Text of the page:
The Principle of Relativity states that:
The laws of physics take the same form in every intertial frame.
No exception has been found to this principle, and it holds equally well in both Newtonian theory and Special Relativity.

I # In an intertial frame of reference (i.e. a frame of reference undergoing zero acceleration), an object at rest stays at rest (or, similarly, keeps its initial velocity) unless acted upon by an outside force.
\begin{equation} \sum \mathbf{F} = 0 \Leftrightarrow \frac{d\mathbf{v}}{dt} = 0 \end{equation}
II # In the simplest of terms:
\begin{equation} \mathbf{F} = m\mathbf{a} \end{equation}
which states that
The vector sum of the forces on an object is equal to that objects mass times the acceleration
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Newtonian Spacetime differs from Relativistic spacetime in that time is considered an absolute (i.e. \(t^{\prime} = t\)). Transformations between reference frames can be achieved with Galilean transformations. A particle traveling along the x axis in \(S\) at a constant speed u, has a speed \(u^{\prime}\) found by:
\begin{equation} u^{\prime}_{x} = \frac{dx^{\prime}}{dt^{\prime}} = \frac{dx^{\prime}}{dt} = \frac{dx}{dt} - v = u_{x} - v\tag{1} \end{equation}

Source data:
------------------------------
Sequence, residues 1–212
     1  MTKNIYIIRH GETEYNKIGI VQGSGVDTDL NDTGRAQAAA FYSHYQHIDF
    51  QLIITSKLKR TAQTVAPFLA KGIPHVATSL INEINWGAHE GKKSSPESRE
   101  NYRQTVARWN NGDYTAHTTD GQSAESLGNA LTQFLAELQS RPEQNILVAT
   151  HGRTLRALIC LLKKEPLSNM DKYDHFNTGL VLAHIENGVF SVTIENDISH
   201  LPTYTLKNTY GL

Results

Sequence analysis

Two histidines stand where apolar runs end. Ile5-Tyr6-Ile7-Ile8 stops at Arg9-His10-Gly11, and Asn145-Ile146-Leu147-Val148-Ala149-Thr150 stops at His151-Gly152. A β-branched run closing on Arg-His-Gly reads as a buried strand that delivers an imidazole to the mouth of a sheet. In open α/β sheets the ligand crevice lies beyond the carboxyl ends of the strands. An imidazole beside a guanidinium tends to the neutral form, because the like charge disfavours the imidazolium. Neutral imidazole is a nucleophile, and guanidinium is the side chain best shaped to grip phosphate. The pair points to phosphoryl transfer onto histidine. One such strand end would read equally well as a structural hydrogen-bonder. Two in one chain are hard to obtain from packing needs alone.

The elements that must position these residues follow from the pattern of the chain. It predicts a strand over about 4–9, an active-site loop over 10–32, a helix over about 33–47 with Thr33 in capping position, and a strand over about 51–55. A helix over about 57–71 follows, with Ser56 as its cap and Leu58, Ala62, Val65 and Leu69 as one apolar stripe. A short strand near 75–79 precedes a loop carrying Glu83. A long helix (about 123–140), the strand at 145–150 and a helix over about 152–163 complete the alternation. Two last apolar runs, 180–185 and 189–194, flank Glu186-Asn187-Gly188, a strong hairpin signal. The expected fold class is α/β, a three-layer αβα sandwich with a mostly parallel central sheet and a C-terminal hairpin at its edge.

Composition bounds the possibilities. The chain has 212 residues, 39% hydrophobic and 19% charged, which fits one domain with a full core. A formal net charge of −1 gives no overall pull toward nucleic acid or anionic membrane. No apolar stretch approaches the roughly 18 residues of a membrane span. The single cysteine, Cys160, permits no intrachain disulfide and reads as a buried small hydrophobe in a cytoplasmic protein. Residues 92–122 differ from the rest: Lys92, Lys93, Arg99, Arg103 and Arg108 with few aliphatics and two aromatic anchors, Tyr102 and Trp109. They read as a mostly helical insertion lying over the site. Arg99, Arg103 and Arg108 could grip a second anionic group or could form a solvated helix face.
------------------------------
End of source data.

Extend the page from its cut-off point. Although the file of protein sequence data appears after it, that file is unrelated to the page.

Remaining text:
remembering that the first derivative of position is velocity, and the second derivative of motion is acceleration
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Above are two frames in Cartesian coordinates, \(S\) and \(S^{\prime}\). We have coordinates \((x, y, z)\), which define our dimensions.
Inertial Frame # An inertial frame is a frame of reference for which acceleration is zero. In other words:
\begin{equation} \frac{d^{2}x}{dt^{2}} = \frac{d^{2}y}{dt^{2}} = \frac{d^{2}z}{dt^{2}} = 0 \end{equation}
In the absence of gravity if \(S\) and \(S^{\prime}\) are two inertial frames they can only differ from each other by (and/or):
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In Newton’s formulation of spacetime, time is an absolute; meaning that every observer experiences the same flow of time. Assuming an inertial frame with only translation across the x axis, an event \(P\), can be translated between \(S\) and \(S^{\prime}\) by the following linear transformations:
\begin{equation} t^{\prime} = t\tag{1} \end{equation}
\begin{equation} x^{\prime} = x - vt\tag{2} \end{equation}
\begin{equation} y^{\prime} = y\tag{3} \end{equation}
\begin{equation} z^{\prime} = z\tag{4} \end{equation}
Switching between coordinates (\(S\) v.
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